I was in the midst of a persistent lost weekend, and it’d take years for me to discover a way out. Brokenness was in me and I didn’t even know it—I was entirely unaware that interior gashes and gouges suffered in adolescence were seeping toxins that distorted my perspective and attitude. With a nod to Hank Williams, Jr. I was whiskey bent and hell bound.
Messed up bigtime I had issues with God—I was mad-dog angry with him. I routinely cussed him out—I wanted to be left alone to stew and grouse while repeatedly tearing open the never to be forgotten wounds. God was at fault, and I had no intention of ever forgiving him.
It was so much more satisfying to endlessly rehash the wrongs of the past. There was a misguided madness in me—the ashes of yesterday were constantly and systematically sifted through to determine the magnitude of God’s offenses. Doing so provided the necessary excuse for me to never have to take responsibility for the state of my life.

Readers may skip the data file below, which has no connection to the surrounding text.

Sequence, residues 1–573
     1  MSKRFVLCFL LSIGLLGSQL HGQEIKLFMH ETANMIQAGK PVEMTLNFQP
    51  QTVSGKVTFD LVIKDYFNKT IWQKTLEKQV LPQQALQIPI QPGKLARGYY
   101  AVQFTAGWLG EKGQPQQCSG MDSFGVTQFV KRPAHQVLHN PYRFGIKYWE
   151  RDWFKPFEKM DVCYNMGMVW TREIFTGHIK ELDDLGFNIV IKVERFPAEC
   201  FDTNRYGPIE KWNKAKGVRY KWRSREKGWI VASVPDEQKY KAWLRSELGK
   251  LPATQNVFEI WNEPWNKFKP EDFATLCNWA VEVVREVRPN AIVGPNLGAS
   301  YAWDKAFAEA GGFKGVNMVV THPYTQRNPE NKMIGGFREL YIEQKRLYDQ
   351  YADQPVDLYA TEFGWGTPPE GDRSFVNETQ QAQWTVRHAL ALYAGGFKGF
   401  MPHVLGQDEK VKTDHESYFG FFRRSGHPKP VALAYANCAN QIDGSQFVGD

One can never know what the Creator will use to plant seeds—he is perpetually in the business of sowing mercy and acceptance. There must have been a sliver of good soil in my heart because while spinning Dream Street Rose on the turntable I found myself replaying Mister Rock Of Ages. It somehow softened me and got me meditating about the stuff of eternity: Mister Rock of Ages, the lord of my lease, in times of toil and times of peace, until my song shall cease.
It was a tiny, even minuscule beginning, but it moved me along a path which would ultimately take me to the end of myself. God, in his majestic grace, was tracking me down. He found me at my point of need—his love lifted me with an unrestrained fierceness. Now, decades later, on solid footings of faith, the wonder of the adventure is truly amazing.